FAGAN: Making Sense Of Hurricane Katrina, And Hurricane Harvey

It’s the damnedest thing losing your home in a hurricane. Too many in South Louisiana and Mississippi know intimately that sick feeling in the gut the moment you realize your home is full of water and most of the stuff you spent your life working for is gone. Pictures, old videos, irreplaceable family stuff.

Overwhelming doesn’t begin to describe starting from scratch, especially for the elderly.

The stress Hurricane Katrina caused my elderly father contributed to his death. Like so many, my parents were displaced for months after several feet of water flooded their Metairie home. My father died two years after the storm and my family is convinced his passing was caused in part by the stress Katrina brought into his life. The Katrina death toll is much higher than most realize considering the unrest inflicted on the elderly and the toll it took on their health.

Fortunately Harvey’s reported death toll has not come close to that of Katrina. But then again we will never really know how many lives Harvey shortened as a result of the stress and heartache the storm caused our society’s most vulnerable.

In light of all the suffering Harvey is causing the question many are asking is why. And more specifically if there is a God why would He allow Harvey and Katrina to happen?

I’ve given this question a lot of thought and here’s what I’ve come up with. It seems to me God had to make a decision before creating man. He could make him a puppet controlling him if he got out of line or strayed too far or God could have given man free will. I believe God chose the latter.



The problem with giving man a free will is that he would obviously make bad decisions and that brings harm to others. Hence we have awful things like murder, gossip, stealing, and whistling.

If you ask me I would much rather live in a world where people can hurt each other, both emotionally and physically, than one where I was a robot or puppet. Freedom is a wonderful thing but can be abused.

Some may argue God giving us free will may cause a lot of the pain and suffering in the world but it doesn’t explain natural disasters like Harvey and Katrina nor does it give as an understanding of why people get cancer.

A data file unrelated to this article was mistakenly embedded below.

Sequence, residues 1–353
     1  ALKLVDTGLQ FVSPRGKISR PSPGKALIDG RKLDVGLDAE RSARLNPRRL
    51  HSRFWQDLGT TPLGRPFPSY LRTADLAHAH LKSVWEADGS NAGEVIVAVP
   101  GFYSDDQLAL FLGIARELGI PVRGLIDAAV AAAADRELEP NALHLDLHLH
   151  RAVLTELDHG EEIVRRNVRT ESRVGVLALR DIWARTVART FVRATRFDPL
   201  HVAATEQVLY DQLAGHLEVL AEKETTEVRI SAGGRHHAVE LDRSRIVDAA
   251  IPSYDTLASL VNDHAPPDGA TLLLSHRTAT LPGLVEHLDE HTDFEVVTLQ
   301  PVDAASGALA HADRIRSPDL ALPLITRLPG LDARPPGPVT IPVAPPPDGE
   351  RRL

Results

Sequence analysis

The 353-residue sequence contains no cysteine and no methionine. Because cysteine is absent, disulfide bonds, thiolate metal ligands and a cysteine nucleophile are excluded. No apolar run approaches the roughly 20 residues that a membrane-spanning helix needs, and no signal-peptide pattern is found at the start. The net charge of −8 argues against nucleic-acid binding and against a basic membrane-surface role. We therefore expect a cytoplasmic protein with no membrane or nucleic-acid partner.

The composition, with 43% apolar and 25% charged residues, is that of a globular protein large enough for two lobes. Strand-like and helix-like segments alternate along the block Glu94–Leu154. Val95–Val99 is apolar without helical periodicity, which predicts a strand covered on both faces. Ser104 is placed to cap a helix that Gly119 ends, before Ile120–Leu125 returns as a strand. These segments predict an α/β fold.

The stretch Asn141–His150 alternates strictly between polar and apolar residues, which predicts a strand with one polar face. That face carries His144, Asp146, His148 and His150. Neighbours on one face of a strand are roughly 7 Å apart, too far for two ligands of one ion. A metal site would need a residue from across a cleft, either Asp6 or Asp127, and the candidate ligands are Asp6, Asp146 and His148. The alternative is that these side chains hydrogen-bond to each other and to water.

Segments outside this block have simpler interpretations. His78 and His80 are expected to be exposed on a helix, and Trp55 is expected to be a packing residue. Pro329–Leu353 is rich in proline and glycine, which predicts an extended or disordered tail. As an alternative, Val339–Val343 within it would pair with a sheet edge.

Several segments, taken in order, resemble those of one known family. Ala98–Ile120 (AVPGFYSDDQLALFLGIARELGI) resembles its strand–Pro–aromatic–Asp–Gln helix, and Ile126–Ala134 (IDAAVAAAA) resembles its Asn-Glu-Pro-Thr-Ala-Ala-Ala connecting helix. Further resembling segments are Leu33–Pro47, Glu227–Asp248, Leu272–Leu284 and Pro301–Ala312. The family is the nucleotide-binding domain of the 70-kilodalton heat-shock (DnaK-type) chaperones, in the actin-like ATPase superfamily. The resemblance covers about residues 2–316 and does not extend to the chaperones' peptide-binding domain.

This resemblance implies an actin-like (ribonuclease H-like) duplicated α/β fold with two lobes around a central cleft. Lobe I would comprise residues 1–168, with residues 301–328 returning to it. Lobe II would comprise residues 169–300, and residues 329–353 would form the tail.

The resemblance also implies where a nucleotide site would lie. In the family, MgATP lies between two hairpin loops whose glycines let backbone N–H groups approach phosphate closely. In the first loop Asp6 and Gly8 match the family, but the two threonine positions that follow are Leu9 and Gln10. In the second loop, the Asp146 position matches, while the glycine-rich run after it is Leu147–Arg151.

Many Christians believe since man often rejects God’s love it brings sin into the world and that has an adverse impact on the planet translating into natural disasters, sickness, and disease. The idea is the natural law of physics means sin brings not only calamity to man but to the environment and eco system in which he lives. This is all probably little comfort to those spending the night in a hurricane shelter instead of the warm, safe, sanctuary of their home.

I don’t begin to present myself as an expert in any of this but there is something I believe is undeniable about Harvey. The storm has redirected the nation’s focus on the goodness, unselfishness, and kind-heartedness of her people. The Cajun Navy being exhibit one. That goodness has been there all along but mostly ignored by the media.

The media narrative shoved down the throats of the public is we are a country of oppression, division, and bigotry. Harvey reminds us the media has been lying to us. We see people of different races helping each other doing whatever it takes to bring safety, shelter, and comfort to the hurting.

Why do bad things happen to good people? Why is there a hurricane season? We may not fully understand that until we get to the other side. I don’t mind that so much as I see mystery as a big part of life especially when it comes to our faith.

But what is clear thanks to Harvey is we are a nation with a whole lot of caring, compassionate, honorable people. We don’t see color when others are hurting. As Americans we watch out for own. That’s what Harvey and Katrina has taught us.

‚ÄčDan Fagan is a former television news reporter, journalism professor, newspaper columnist, and radio talk show host. He grew up in New Orleans and currently lives there. He is a regular contributor for The Hayride. If you have a news tip for Mr. Fagan you can reach him at [email protected] or 504-458-2542.

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